LOS ANGELES (AP) — The Los Angeles Rams are opening a lavish new stadium with no fans in it next month.
That might not even be the weirdest thing they'll experience in this utterly unique NFL season.
A year that was already unprecedented because of the coronavirus pandemic got even stranger when the Rams added the omnipresent cameras of HBO's “Hard Knocks” to their daily routines. That microscope has already led to some surreal moments, and others that might be better off forgotten, as coach Sean McVay learned from watching the first episode.
“I just wanted to make sure that I didn’t come off as a total tool with my shirt off at my house in the pool," McVay said of the scene in which he played ball in the water with his dog, Callie, at their house in the San Fernando Valley. "As soon as I did that with them, I said ‘I cannot believe I was that dumb to do that.’ If you can believe, it was actually worse before we cut a couple of those scenes out. So I came away scathed, but not as scarred as I would have been otherwise.”
The Rams will be clothed in brand-new uniforms this season at their $5 billion SoFi Stadium, owner Stan Kroenke's West Coast NFL hub designed to be a landmark edifice for California sports for decades to come.
The stadium is a beauty, even if fans won't see it “until further notice,” according to a statement put out by the team Tuesday.
In the shorter term, the Rams must figure out how to contend in the ultracompetitive NFC West despite losing several key veteran contributors and landing no high-profile replacements for them. Todd Gurley, Brandin Cooks, Dante Fowler, Cory Littleton, Eric Weddle, Clay Matthews and Nickell Robey-Coleman, and even longtime kicker Greg Zuerlein are all gone.
McVay has posted three straight winning seasons in his tenure, but this year appears to be his greatest challenge since his stunning transformation of the Rams from losers to contenders in 2017.
“It will be newer challenges, things that we’ve never navigated through, but I am very confident with the plan that we have in place,” McVay said.
More things to watch with the Rams:
McVay believes his offense will improve without “the monotony” of going against the same defense for another year. That's because McVay replaced longtime defensive guru Wade Phillips with rookie coordinator Brandon Staley, who has much less to work with on paper than his predecessor.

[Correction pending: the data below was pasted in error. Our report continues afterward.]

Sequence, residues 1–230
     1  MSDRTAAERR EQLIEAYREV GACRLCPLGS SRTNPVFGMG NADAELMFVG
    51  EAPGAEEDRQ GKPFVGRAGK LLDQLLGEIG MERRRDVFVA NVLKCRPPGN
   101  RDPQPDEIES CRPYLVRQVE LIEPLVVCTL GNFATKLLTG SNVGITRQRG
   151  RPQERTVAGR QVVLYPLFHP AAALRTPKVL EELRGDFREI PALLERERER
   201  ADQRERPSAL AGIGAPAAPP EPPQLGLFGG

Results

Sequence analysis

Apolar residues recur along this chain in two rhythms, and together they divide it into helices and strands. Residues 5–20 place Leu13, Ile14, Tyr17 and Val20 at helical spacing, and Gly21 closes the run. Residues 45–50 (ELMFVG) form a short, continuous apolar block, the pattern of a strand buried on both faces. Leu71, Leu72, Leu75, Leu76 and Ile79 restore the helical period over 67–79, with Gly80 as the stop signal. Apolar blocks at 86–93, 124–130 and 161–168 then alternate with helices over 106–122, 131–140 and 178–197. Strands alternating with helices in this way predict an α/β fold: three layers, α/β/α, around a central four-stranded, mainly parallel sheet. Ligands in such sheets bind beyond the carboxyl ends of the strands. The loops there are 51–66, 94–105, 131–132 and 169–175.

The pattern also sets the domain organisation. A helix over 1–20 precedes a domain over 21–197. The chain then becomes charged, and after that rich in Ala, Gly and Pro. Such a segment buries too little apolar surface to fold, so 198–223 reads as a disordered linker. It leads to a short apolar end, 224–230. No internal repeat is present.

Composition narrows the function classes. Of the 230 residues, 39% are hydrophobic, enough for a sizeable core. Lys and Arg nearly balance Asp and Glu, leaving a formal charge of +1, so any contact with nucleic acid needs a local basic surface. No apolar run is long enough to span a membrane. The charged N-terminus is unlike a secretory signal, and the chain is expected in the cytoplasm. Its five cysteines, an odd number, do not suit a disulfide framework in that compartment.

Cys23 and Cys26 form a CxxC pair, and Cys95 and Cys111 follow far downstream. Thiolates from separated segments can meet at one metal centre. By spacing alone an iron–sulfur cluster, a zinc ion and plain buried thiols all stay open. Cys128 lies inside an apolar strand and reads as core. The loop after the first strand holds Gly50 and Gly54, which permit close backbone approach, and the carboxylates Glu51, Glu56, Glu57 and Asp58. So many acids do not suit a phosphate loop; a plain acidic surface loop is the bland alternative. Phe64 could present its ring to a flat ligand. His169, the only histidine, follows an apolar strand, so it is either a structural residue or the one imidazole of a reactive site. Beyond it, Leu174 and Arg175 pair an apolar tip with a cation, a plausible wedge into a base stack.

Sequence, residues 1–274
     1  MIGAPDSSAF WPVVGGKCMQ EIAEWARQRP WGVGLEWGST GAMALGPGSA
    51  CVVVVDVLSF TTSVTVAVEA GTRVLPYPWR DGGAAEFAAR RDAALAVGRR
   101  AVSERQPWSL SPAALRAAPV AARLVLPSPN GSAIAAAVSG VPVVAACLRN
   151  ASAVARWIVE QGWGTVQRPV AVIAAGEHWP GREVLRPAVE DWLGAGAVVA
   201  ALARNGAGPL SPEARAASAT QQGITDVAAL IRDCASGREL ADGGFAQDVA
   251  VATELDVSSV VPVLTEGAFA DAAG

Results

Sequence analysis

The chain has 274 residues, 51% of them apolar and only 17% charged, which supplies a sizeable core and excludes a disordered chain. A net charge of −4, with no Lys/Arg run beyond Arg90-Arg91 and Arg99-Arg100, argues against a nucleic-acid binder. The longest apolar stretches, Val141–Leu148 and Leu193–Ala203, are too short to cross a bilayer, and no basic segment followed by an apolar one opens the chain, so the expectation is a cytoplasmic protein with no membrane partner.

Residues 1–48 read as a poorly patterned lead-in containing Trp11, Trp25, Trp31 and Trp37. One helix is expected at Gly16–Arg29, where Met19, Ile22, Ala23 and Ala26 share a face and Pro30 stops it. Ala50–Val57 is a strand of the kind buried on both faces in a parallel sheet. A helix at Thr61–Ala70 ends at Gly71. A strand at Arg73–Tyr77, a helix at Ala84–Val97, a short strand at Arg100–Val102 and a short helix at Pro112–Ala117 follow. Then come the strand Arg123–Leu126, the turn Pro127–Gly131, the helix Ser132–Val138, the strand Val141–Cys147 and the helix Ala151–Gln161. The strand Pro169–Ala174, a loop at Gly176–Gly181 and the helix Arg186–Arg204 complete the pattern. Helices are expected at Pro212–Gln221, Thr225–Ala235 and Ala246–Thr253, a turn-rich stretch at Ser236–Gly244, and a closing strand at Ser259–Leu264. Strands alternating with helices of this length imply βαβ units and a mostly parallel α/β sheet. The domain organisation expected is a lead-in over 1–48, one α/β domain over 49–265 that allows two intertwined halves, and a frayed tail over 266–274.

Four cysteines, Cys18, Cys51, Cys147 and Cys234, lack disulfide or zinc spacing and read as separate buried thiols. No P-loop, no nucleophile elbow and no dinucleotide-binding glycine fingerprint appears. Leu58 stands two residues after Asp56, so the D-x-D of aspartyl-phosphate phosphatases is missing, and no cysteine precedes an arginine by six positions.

But the Rams still have a large portion of their core from their 2018-19 Super Bowl team, and those holdovers have the confidence of knowing how to win, even in a new scheme that was largely installed over Zoom.
“Coach Staley came from Denver, he came from Chicago,” said Rams safety John Johnson, whose season was cut short by injury last year. “I think we have better guys on defense than he had in both of those places. So just picture what they were doing, with better guys.”
The Rams released the two-time All-Pro and focal point of their offense for the past half-decade before his big new contract had even begun. That major financial miscalculation is partly why the Rams are choosing among longtime backup Malcolm Brown, second-year pro Darrell Henderson, and rookie Cam Akers for his replacement.
Although Gurley didn't reach his usual heights in 2019, he still left a gaping hole in McVay's offense. The Rams are confident they can succeed with some combination of those three replacements.
Jalen Ramsey has looked sharp in his first training camp with the Rams. Los Angeles' 2019 midseason acquisition appears content and inspired with his new team, and the new defense will count on his shutdown skills at cornerback.
As for his long-anticipated contract extension, the Rams often announce their biggest deals shortly before the regular season, as they did with Aaron Donald in 2018 and Jared Goff in 2019.
The Rams built a massive tent in the parking lot of their training complex to maintain social distancing and outdoor conditions, but temperatures have been high in Ventura County. Several players have recovered from the virus, including 38-year-old left tackle Andrew Whitworth, who begins his 15th NFL season with optimism about the Rams' direction.
“Come with passion and energy every single day, and you know what? We’ll be just fine,” Whitworth said.
CAN I KICK IT?
Zuerlein, holder Johnny Hekker and long snapper Jake McQuaide had been together since 2012, but Zuerlein and special teams coordinator John Fassel left for the Dallas Cowboys, who are coincidentally the Rams' first opponent at SoFi. Three kickers are contending for Zuerlein's job, with CFL veteran Lirim Hajrullahu kicking alongside youngsters Austin MacGinnis and Sam Sloman, a seventh-round draft pick.
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